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First Thermal and Fluids Engineering Summer Conference

ISSN: 2379-1748


Tilak T. Chandratilleke
Department of Mechanical Engineering, Curtin University of Technology, GPO Box U1987, Perth WA6845, Western Australia

Nima Nadim
Department of Mechanical Engineering, Curtin University, GPO Box U1987, Perth, Western Australia A 6845, Australia

DOI: 10.1615/TFESC1.mnp.012955
pages 1553-1560

KEY WORDS: Microfluidics, Immiscible fluid intercations, Droplet formation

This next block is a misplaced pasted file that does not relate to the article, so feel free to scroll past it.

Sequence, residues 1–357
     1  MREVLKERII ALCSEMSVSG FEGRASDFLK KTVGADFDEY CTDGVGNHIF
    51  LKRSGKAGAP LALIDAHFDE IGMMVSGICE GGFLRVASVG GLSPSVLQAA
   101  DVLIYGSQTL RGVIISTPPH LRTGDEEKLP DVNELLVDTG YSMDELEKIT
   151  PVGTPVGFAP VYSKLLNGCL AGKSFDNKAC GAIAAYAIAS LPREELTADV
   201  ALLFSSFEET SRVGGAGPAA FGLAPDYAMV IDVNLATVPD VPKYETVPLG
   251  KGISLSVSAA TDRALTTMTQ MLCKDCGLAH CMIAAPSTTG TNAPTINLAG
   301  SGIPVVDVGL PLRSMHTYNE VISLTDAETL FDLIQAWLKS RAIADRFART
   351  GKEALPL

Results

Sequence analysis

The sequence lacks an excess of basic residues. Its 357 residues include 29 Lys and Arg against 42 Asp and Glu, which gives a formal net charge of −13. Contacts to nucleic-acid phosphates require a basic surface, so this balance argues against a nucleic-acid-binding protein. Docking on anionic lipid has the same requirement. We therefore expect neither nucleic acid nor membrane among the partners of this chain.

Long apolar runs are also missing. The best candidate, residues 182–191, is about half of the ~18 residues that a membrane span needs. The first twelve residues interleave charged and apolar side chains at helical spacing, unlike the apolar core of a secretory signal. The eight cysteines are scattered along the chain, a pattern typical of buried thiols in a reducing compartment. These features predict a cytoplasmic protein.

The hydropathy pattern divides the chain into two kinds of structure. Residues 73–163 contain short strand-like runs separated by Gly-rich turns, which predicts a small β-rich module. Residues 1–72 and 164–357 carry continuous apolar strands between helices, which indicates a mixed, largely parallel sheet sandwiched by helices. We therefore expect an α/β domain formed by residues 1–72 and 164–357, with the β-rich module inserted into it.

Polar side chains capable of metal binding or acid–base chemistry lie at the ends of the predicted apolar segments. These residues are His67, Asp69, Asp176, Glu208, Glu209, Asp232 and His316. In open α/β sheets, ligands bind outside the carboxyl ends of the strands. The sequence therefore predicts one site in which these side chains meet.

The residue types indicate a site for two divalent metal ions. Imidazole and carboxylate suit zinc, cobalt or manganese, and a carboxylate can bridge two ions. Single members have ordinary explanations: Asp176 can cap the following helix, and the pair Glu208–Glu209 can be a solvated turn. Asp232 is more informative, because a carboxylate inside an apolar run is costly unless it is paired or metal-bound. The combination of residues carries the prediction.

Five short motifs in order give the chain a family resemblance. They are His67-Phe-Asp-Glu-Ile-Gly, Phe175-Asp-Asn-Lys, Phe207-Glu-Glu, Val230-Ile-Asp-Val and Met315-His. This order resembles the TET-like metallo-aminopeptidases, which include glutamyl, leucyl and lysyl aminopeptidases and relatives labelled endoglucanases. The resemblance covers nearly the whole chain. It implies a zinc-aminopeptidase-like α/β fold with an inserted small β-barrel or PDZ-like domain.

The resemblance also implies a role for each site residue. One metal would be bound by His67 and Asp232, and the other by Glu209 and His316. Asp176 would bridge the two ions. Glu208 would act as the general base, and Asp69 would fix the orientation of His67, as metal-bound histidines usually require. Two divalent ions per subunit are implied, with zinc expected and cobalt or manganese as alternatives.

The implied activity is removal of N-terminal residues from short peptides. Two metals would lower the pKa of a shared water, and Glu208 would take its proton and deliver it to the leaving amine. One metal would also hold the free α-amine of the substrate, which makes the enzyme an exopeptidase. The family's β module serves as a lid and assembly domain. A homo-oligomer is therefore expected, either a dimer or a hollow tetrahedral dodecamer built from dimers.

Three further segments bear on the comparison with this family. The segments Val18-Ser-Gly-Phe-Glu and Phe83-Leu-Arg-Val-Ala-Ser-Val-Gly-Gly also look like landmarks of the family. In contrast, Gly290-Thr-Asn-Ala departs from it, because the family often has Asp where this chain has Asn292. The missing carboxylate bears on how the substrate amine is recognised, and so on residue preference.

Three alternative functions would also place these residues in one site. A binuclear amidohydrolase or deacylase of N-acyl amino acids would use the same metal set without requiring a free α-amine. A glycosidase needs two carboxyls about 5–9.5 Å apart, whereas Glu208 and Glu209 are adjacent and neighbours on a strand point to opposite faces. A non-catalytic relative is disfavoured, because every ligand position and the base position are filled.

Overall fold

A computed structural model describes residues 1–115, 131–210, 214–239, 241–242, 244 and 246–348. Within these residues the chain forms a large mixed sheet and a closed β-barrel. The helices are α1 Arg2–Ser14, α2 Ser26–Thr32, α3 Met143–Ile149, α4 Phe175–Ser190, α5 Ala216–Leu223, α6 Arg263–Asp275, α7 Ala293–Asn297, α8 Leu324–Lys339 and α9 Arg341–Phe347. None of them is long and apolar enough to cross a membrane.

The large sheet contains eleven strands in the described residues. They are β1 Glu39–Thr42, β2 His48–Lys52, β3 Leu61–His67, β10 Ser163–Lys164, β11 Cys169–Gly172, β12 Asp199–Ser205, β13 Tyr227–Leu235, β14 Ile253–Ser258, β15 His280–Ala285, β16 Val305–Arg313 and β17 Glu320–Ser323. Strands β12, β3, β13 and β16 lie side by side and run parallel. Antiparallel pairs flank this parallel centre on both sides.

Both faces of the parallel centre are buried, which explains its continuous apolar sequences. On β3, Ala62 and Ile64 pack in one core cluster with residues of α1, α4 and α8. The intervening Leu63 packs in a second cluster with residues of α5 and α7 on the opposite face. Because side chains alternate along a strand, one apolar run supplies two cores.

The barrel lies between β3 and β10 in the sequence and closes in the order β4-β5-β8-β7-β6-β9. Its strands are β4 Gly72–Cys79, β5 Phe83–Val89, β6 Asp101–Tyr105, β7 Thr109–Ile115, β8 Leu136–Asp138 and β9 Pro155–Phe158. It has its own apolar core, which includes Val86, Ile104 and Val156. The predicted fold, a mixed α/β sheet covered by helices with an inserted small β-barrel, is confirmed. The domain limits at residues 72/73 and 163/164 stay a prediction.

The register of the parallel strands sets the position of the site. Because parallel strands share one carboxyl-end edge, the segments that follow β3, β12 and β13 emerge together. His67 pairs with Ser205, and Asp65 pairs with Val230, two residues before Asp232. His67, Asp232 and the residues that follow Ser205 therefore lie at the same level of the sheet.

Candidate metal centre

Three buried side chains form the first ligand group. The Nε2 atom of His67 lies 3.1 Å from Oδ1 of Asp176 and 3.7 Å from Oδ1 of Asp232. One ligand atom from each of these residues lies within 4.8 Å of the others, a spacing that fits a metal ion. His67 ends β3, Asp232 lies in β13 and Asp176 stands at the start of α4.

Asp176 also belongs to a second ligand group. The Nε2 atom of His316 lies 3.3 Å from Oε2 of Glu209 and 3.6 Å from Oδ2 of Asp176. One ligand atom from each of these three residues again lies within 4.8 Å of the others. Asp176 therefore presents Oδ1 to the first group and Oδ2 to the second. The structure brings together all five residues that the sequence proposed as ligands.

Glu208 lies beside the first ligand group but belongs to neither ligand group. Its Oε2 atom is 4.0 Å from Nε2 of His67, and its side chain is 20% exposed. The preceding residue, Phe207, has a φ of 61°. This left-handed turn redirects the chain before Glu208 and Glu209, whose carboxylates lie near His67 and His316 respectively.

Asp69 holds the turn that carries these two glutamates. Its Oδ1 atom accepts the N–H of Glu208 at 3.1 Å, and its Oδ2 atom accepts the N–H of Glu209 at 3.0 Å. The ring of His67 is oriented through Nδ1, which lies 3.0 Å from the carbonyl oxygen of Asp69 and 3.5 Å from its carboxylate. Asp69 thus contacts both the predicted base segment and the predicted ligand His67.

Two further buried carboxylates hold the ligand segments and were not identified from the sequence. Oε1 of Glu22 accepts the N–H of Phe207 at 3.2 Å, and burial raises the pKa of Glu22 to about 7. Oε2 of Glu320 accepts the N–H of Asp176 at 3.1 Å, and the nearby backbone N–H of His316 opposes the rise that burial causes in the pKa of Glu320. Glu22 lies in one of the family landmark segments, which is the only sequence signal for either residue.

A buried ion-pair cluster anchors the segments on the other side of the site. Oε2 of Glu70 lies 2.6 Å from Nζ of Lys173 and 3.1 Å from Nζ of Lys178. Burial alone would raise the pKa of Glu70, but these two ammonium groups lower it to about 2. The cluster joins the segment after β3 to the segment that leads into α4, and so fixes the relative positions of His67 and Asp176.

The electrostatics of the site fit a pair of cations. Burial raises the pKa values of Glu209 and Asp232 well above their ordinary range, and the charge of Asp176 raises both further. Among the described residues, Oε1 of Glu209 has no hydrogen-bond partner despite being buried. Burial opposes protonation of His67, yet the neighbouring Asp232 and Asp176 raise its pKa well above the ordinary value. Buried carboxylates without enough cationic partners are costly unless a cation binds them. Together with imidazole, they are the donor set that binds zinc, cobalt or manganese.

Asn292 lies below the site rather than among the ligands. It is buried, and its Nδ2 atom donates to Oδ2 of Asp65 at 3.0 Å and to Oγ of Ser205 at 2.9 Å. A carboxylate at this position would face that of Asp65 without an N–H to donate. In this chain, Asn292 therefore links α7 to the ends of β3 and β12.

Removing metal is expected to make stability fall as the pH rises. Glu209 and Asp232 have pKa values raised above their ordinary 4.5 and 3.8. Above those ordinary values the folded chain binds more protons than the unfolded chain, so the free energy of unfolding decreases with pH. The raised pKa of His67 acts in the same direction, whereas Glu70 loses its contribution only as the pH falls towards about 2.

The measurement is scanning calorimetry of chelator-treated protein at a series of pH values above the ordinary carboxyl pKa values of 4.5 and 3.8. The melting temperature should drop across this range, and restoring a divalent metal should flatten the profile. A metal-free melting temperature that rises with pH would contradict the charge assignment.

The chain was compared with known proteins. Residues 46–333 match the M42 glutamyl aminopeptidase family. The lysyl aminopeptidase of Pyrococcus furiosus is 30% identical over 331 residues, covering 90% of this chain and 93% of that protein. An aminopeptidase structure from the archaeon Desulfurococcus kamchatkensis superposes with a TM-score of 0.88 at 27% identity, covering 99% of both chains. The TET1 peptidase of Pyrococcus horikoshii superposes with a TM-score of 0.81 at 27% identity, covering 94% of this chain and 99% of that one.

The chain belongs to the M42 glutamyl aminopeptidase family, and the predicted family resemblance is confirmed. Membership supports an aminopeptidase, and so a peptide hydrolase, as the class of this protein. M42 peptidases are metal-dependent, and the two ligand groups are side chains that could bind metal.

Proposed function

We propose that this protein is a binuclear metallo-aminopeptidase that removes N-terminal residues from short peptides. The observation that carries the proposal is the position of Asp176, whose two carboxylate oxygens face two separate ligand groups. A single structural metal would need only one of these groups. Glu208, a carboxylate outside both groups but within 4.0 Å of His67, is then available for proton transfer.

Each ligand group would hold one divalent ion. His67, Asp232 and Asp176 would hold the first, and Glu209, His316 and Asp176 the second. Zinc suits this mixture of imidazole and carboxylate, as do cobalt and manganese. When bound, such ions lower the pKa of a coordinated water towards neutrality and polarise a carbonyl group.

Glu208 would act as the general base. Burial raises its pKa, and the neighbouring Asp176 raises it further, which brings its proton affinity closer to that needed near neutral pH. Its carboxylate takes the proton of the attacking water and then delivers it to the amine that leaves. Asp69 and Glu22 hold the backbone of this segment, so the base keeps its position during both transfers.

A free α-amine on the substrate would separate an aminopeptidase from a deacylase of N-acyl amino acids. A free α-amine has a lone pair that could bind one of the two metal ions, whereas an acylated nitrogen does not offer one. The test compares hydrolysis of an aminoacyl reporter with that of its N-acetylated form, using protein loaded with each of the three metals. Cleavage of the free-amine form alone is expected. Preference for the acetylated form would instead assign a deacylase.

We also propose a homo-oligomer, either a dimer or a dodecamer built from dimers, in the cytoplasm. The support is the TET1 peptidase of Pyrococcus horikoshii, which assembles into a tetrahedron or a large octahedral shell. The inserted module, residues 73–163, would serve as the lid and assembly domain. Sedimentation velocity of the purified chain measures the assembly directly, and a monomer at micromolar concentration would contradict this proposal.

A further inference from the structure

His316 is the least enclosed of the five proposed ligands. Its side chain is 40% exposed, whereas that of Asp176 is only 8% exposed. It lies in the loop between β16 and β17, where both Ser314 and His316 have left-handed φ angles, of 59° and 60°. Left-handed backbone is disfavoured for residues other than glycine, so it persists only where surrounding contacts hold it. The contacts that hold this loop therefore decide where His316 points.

Fluid mechanisms within micro/nano-scale passages are commonly deployed for flow control and droplet generation in modern technologies from Micro-Electro-Mechanical Systems (MEMS) and microfabrication to enzymatic and DNA analysis in molecular biology and pharmaceutical product manufacture. Such microfluidic behaviour is uniquely different to macro-scale fluid flow, for its characteristics are essentially governed by molecular diffusion-biased momentum transport with profound influence from surface tension and fluid viscous dissipation. This paper presents a numerical study supported by experimental validation to examine the micro-mixing behaviour of two immiscible fluids at an intersecting T-junction of flow passages for a range of flow rate combinations and fluid property variations. The computational fluid dynamics analysis is developed as a 3-dimensional flow model for predicting the nature of fluid interactions and pressure fluctuations leading to (any) droplet formation, droplet generation frequency, droplet interfacial area and volume distribution characteristics within the fluid mixture. The analysis also investigates the transverse and axial pressure variations exhibited by the mixing process, inferring key features to describe various phases of droplet generation and detachment. The results identify that the droplet formation is primarily regulated by the volumetric flow rate ratio between the primary and secondary fluids. At low flow rate ratio both fluids flow as a mixture without breaking up while beyond a certain ratio, droplets are produced at regular time intervals. The droplet size, interfacial area and frequency are strong functions of the flow rate ratio exhibiting a mechanistic relationship with the fluid pressure profiles.

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